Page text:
Consume Botanical Agents that Enhance Phase II Detoxification
Cinnamaldehyde, the flavonoid that imparts a characteristic odor and flavor to cinnamon, causes the transcription factor called nuclear erythroid 2-related factor 2 (Nrf2) to translocate to the cell nucleus and bind to a sequence known as the antioxidant response element (ARE), which “regulates the expression of a large battery of genes involved in the cellular antioxidant and anti-inflammatory defense as well as mitochondrial protection” (40). Activation of ARE, in turn, stimulates glutathione production and induces expression of phase II enzymes to promote detoxification (40). Not only does this cinnamon compound have the chemopreventative potential to protect cells from the toxic effects of chemotherapy drugs, but it also may support the detoxification of air pollution.
Rooibos and Honeybush Teas
In addition, rooibos and honeybush teas have been demonstrated to significantly augment activity of phase II enzymes such as glutathione S-transferase, as well as increase the ratio of reduced to oxidized glutathione, both of which are important for limiting the damage done by heavy metals, free radicals, and lipid peroxides (41, 42). In this way, these natural agents may be able to confer protection against the oxidative damage and mutagenesis resulting from particulate matter exposure.
Another traditional herb, Indian holy basil, significantly increases levels of glutathione (GSH) and the antioxidant enzymes glutathione transferase (GST), glutathione peroxidase (GSPx), and glutathione reductase (GSRx), the catalysts which detoxify xenobiotic substrates, neutralize oxidative stress, and regenerate glutathione, respectively (43). Likewise, holy basil increases levels of superoxide dismutase (SOD), an enzyme which neutralizes cell-damaging reactive oxygen species (43). Holy basil also maintains levels of glutathione as well as all of the aforementioned enzymes in the face of gamma radiation and reduces the level of lipid peroxidation (oxidative deterioration of lipids) induced by radiation (43).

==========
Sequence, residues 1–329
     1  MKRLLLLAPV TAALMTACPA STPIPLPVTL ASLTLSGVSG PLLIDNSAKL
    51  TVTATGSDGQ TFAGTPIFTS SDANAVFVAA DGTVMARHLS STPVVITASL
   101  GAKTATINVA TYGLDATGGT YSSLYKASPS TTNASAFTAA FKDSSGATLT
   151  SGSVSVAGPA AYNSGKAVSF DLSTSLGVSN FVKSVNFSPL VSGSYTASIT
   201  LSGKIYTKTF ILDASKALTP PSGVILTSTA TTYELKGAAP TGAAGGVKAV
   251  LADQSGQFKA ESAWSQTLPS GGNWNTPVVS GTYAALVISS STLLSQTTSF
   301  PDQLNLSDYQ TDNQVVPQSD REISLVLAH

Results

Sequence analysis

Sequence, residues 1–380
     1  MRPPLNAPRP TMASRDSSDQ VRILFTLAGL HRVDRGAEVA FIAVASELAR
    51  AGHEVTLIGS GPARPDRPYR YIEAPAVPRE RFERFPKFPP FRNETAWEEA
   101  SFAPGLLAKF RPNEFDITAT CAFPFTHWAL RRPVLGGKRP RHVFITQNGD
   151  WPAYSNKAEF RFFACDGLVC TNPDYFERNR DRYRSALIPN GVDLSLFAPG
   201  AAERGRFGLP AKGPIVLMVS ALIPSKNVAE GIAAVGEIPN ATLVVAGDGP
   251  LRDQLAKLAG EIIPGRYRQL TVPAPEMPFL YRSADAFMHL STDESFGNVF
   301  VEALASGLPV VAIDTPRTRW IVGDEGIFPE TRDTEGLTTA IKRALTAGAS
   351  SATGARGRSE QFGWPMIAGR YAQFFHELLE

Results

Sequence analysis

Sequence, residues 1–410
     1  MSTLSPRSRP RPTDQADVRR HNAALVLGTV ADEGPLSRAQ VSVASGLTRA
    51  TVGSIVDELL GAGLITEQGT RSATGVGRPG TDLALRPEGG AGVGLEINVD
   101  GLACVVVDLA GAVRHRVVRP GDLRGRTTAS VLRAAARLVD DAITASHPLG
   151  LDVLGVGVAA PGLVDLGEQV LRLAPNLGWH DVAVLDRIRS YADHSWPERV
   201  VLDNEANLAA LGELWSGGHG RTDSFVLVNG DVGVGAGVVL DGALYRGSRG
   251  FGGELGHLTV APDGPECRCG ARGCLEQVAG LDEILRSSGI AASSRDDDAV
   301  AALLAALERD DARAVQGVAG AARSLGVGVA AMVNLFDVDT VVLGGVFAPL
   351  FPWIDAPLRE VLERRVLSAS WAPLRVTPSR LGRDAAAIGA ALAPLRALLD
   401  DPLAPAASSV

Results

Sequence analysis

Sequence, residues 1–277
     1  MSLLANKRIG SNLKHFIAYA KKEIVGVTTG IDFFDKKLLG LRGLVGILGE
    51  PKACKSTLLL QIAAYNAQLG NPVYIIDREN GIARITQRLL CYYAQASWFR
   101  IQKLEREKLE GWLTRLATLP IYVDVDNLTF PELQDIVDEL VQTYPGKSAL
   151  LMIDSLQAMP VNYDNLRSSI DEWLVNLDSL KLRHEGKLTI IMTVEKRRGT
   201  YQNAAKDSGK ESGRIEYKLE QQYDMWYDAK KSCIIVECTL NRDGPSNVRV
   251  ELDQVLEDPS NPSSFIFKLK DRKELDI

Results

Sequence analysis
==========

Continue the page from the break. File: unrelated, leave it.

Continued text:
A powerhouse botanical which prevents glutathione depletion is curcumin, a yellow compound in turmeric root (44, 62). In a rat model, curcumin extract protected against liver injury after exposure to the toxic chemical carbon tetrachloride (CCl4) by improving levels of glutathione, superoxide dismutase, and glutathione peroxidase (44). As a result, damage to cell membranes, as indicated by lipid peroxidation, was reduced, and CCl4-mediated elevation in the liver enzyme AST was prevented (44). Curcumin has similarly been demonstrated to prevent mitochondrial dysfunction and reduce hepatoxicity induced by metals such as arsenic, lead, mercury, copper, chromium, and cadmium (45).
Ginger, Resveratrol, and Quercetin
Along similar lines, ginger rhizome protects against liver fibrosis induced by the toxin CCl4 by significantly increasing glutathione and superoxide dismutase (46). In this study, ginger also significantly decreased levels of the mutagenic and carcinogenic compound malondialdehyde, indicating that ginger suppressed CCl4-mediated damage to lipids (46).
Resveratrol, on the other hand, from foods such as grapes, blueberries, and cranberries, increases expression of the antioxidant enzymes superoxide dismutase and glutathione peroxidase in a concentration-dependent manner, which accounts for the vascular protective effects of this phytonutrient (47). In another in vitro study, both resveratrol and quercetin (a flavonoid found in plant foods such as apples and onions) increased levels of glutathione and antioxidant defense enzymes including superoxide dismutase, glutathione transferase, and glutathione peroxidase, as well as adiponectin, an anti-inflammatory signaling molecule secreted by fat cells (48).